1. X-Type here….I’m pleased that you felt that your time had been well spent, once you got the link with the puzzle’s Title. That’s the fun of Thematic puzzles: solving the clues is all very well – and for those who enjoy “plain” cryptics, that’s fine – but getting that extra connection to what is in the Setter’s mind is highly satisfying. I like setting the Back Page ones; but they are very simple to set: it’s the Thematics that I really enjoy setting: because every single one is different, in a completely different way.

        1. Kind of you to take the time to acknowledge my comments. I suspect I’m being drawn in to a new pastime (or potentially an addiction) and shall be interested to see how I get on with solving post September puzzles. That’s where this blog will come in handy for the hints. I admire your skill, and that of others, in compiling crosswords: they bring so much pleasure to lots of people and help to keep the grey matter functioning.

  7. I completed this, after spending more time on it than I should have! Had trouble in the SW corner, didn’t know the dog, but knew the answer was right soon as I saw it on Mr G as there are 2 very large examples of the sprites not far from here!! Some of the bridges hid at first as I didn’t read the clues carefully enough… but once I realised where they were going to be that was sorted, and I spotted the answer fairly quickly. Struggled with the long one at the bottom, as not familiar with it, and my anagram solver failed on it!

  8. Phew. I think that was just as tough as some previous “normal” EVs. Sure, many of the clues were very kind but a few took a good while to click. I struggled with 25a/21d, wanting to put the wrong woman in and I’m still not sure I grasp 22d completely. But the significant link just leapt out once the clashes were written out. Good fun – thanks to X-Type and The Numpties.

  9. This is my second EV, having long been a back page fan I was tempted in by the promise of a more gentle puzzle – the preamble had always put me off, making it sound like something only Alan Turing could solve.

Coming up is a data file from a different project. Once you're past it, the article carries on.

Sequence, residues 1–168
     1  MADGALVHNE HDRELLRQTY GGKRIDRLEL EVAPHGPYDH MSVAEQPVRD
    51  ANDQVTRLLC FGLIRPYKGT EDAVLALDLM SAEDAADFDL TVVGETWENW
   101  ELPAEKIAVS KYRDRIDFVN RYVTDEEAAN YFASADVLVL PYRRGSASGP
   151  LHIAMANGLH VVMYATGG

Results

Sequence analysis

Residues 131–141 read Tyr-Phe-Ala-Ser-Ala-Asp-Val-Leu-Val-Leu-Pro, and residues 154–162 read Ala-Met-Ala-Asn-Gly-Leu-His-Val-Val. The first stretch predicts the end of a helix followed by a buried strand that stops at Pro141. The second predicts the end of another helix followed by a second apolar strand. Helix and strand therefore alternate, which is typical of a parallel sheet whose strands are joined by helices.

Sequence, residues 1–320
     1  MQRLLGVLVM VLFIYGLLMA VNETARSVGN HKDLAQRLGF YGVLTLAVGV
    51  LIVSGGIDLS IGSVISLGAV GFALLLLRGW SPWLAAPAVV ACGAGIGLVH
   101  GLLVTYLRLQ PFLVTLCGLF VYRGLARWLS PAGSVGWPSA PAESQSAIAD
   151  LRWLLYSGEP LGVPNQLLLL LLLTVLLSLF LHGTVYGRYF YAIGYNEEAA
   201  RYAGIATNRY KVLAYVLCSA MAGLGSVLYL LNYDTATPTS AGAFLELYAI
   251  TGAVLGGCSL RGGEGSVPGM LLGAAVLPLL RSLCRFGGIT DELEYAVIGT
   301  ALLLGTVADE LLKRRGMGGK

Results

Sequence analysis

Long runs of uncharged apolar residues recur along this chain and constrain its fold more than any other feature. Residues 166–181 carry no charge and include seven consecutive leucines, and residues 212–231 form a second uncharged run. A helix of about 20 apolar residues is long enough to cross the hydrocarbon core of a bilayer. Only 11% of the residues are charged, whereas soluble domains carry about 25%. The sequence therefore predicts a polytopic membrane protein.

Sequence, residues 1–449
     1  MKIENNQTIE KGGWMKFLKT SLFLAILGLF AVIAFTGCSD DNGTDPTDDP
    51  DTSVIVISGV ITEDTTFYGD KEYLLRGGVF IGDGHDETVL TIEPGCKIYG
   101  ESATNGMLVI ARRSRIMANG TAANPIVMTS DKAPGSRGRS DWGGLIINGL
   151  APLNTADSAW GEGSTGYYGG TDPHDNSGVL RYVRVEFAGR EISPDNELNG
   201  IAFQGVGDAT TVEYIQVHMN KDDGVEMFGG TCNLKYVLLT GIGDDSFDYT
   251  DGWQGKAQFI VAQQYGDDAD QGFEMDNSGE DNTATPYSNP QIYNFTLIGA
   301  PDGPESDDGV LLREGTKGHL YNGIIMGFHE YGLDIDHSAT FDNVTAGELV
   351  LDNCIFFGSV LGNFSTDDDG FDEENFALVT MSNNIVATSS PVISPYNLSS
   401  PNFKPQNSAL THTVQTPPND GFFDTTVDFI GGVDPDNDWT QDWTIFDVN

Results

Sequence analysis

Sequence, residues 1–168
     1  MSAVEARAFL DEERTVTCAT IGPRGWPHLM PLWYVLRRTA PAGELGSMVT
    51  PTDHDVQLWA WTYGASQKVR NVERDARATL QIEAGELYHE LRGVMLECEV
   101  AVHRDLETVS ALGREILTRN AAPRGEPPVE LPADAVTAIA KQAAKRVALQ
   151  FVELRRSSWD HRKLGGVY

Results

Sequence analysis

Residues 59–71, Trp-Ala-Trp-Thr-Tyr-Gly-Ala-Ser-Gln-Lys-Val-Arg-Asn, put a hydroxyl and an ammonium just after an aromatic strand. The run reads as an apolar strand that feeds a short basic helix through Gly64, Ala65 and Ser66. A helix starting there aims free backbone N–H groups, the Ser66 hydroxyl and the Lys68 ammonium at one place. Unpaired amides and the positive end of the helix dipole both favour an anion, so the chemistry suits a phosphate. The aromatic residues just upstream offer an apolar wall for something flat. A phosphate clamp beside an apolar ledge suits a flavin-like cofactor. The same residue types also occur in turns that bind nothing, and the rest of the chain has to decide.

I don’t have a BRB but with the help of this blog and the internet I’ve filled in about half this week and a bit more last week, but not enough to get anywhere close to the penny dropping. There’s a lot of head scratching punctuated by moments of enjoyment and enlightenment, I just need to work on getting the ratio round the other way.
    I’ll persevere though. Once they’re published, I shall go through the solutions thoroughly to (hopefully) understand what and why.

  10. Yay, I’ve managed to finish this! What do you mean this is last week’s puzzle and you’re all already on to the next one?

    Thank you so much to The Numpties and X-Type (if any of you are still reading). I managed a sprinkling of answers before looking at the hints — way more than last week. A few that I didn’t get straight away caught me out by being straightforward than I was anticipating: that they didn’t have hints provided the nudge that I was overthinking them!

    Fortunately I got a couple of clashing letters early on, and guessed where the others would be. (Thanks again to The Numpties for suggesting that would be possible, however sceptical I was when I read that.) That helped with getting more answers, because for several words the choice of alternative letters was so limited.

    Again, I thought I was going to come to a halt with a few answers to go, but working out the final link provided a few more letters, and then suddenly I had a full grid. Counter-intuitively, the clashing letter aspect actually provided some help that wouldn’t be in a traditional crossword. I’m still apprehensive about attempting a non-easy one of these though …

    25a was my favourite, making me laugh when I eventually got it.

    1. Smylers, that is great news and we really appreciate your input as it is useful guidance about how and what to hint.
      Indeed, the clues where we prompted nothing at all were ones where we felt that solvers of the plain cryptics would be on familiar ground – and we’ll continue to work that way so no need to over-think. There have to be (and always are) some easy clues to give solvers a way in.
      I’m rather anxious that we are giving the impression that these four September puzzles are a lot easier than the usual EV puzzles and that solvers fear a massive rise in difficulty in October. We Numpties are ordinary solvers (we don’t know what is to come) but we have found last Sunday’s and today’s EVs to be fairly typical – if ‘at the easier end’ of the EV scale. Good luck today – it’s fun.

  11. Literally solved this at the eleventh hour! Hopefully solved anyway.
    My second ever EV and I echo 2Kiwis “And this is an easy EV? Blimey!”
    Spent too much time thinking about the link too early on.
    The fact I had what I think is a valid alternative for an early answer which yielded an incorrect important cell option misled me. Enjoyed it, though it required weighty dictionary use for some obscure words that internet dictionaries failed to yield (Chambers with a magnifying glass – old school!).